ALL is set for the fourth edition of the annual literature festival, Ba re e ne re, which gets underway on 9 to 11 December at various locations in Maseru.
The event which was first held in 2011 is the brainchild of the late Liepollo Rantekoa, aimed at enriching the lives of Basotho through the promotion of initiatives which support literacy, encourage creative writing and facilitate connections between local writers and artistes and their foreign counterparts.
The festival was revived in 2014 by Liepollo’s family and friends who have since added activities that include the production of a revised Sesotho dictionary, spelling bee and essay competitions.
This year’s theme is “Finding Your Voice”, and some of the activities to look forward to on the first day include the launch of the Ba re e ne re short-story book titled Likheleke Tsa Pou and an open-mic poetry session at Rockview Gardens in Khubetsoana.
On the next day, the event will move to Maseru Preparatory School where activities will include literature panel discussions, children’s activities, a craft market, Nala Social Market and the Liepollo Rantekoa Keynote Address by South African author and motivational speaker Dr Sindiwe Magona.
The curtain comes down on Sunday with the Short Story Day Africa that will also feature a writing workshop facilitated by three authors, Efemia Chela from Zambia, Karina Szczurek (Poland) and Catherine Shepherd (Cape Town, South Africa).
Other writers expected to grace the three day event are South Africans Masande Ntshanga and Ace Moloi as well as Zimbabwe’s Joe Machina.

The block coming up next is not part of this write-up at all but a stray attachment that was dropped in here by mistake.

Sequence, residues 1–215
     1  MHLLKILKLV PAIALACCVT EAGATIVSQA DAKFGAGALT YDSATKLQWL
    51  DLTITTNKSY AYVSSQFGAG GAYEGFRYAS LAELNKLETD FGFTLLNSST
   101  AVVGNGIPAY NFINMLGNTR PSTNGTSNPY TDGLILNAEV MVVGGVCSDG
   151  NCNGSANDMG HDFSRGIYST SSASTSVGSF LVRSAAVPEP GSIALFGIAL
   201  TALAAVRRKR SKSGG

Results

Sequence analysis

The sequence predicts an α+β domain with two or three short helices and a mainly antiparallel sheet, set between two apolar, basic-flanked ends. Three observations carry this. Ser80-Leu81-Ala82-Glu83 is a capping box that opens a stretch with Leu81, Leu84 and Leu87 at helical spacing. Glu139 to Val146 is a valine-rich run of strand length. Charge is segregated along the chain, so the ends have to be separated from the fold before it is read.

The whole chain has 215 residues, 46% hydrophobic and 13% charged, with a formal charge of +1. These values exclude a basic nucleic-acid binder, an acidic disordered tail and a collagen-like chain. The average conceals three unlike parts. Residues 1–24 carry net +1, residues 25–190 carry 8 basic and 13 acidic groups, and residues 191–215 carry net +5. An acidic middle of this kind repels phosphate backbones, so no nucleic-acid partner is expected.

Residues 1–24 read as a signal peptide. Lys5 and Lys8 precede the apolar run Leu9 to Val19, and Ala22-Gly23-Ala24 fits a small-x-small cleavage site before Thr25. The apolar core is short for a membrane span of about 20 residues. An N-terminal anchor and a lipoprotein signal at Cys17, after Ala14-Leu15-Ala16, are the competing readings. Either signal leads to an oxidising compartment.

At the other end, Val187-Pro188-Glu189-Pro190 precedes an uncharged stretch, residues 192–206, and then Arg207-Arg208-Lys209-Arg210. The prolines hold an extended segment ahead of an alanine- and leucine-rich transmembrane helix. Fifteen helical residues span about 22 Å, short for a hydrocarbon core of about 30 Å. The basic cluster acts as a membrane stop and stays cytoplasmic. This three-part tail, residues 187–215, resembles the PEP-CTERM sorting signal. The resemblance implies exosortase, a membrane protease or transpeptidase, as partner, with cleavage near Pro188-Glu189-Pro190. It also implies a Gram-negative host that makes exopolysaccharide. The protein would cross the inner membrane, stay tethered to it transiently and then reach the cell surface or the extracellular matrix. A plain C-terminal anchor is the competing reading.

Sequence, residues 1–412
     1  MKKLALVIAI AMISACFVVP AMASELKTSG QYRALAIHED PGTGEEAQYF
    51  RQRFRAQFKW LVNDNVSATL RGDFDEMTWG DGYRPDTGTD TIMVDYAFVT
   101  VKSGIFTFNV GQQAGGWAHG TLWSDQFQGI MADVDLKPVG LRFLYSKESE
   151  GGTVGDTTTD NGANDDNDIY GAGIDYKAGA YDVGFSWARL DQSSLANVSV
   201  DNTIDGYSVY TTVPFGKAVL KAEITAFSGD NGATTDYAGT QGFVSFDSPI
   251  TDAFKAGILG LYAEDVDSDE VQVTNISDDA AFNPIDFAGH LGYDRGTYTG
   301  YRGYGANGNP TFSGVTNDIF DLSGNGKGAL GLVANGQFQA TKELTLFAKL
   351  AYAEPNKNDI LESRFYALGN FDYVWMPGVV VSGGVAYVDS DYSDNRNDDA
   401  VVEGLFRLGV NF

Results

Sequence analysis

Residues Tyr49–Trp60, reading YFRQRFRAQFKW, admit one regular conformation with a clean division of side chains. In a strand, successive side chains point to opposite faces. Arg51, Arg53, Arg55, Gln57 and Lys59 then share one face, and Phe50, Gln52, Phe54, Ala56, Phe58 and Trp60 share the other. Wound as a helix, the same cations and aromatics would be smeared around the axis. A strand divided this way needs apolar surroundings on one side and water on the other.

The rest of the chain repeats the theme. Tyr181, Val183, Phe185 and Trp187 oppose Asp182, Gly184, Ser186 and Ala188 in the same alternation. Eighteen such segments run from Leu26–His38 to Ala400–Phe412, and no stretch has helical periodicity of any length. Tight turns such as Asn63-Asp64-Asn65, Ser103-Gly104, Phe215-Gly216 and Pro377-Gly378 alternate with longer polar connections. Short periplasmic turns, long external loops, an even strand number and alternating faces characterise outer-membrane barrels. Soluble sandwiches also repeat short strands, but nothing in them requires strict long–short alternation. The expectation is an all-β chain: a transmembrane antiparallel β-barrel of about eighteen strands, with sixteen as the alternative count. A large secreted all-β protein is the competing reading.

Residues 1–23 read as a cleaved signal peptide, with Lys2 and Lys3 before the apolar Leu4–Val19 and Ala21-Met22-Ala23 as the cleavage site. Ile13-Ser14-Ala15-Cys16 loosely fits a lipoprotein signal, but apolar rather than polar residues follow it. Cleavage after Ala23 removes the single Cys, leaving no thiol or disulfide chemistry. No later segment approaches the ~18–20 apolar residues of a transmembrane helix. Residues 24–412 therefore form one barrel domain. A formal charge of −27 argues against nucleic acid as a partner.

Machabeng College theatre teacher Liatile Mohale, media consultant and blogger Thato Mochone as well as writer Tumelo Moleleki are some of the local arts personalities who will feature at the event.
Ba re e ne re director Lineo Segoete said the festival would enable “Basotho and the youth in particular, to access training and outlets to practice literacy and share the unique stories Lesotho has to offer with local and international audiences”.
“Our mission is to cultivate the next generation of writers and storytellers in Lesotho through literary training and platforms for expression.
“We also aim to connect Lesotho’s literary arts community with creative writers from other African countries and beyond for creative exchange and improved publishing opportunities while encouraging the use of literature as a tool to address the country’s pressing socio-economic and political issues,” she said.
She also said the story book features 23 locally written stories (seven in Sesotho and 16 in English) while the workshop would accommodate around 20 local writers.
The festival is sponsored by Miles Morland Foundation, Vodacom Foundation, UNESCO, Maseru Prep School, Alliance Francaise, MXXL radio, Bahati Books, Short Story Day Africa, Nala Social Market and Rockview Gardens.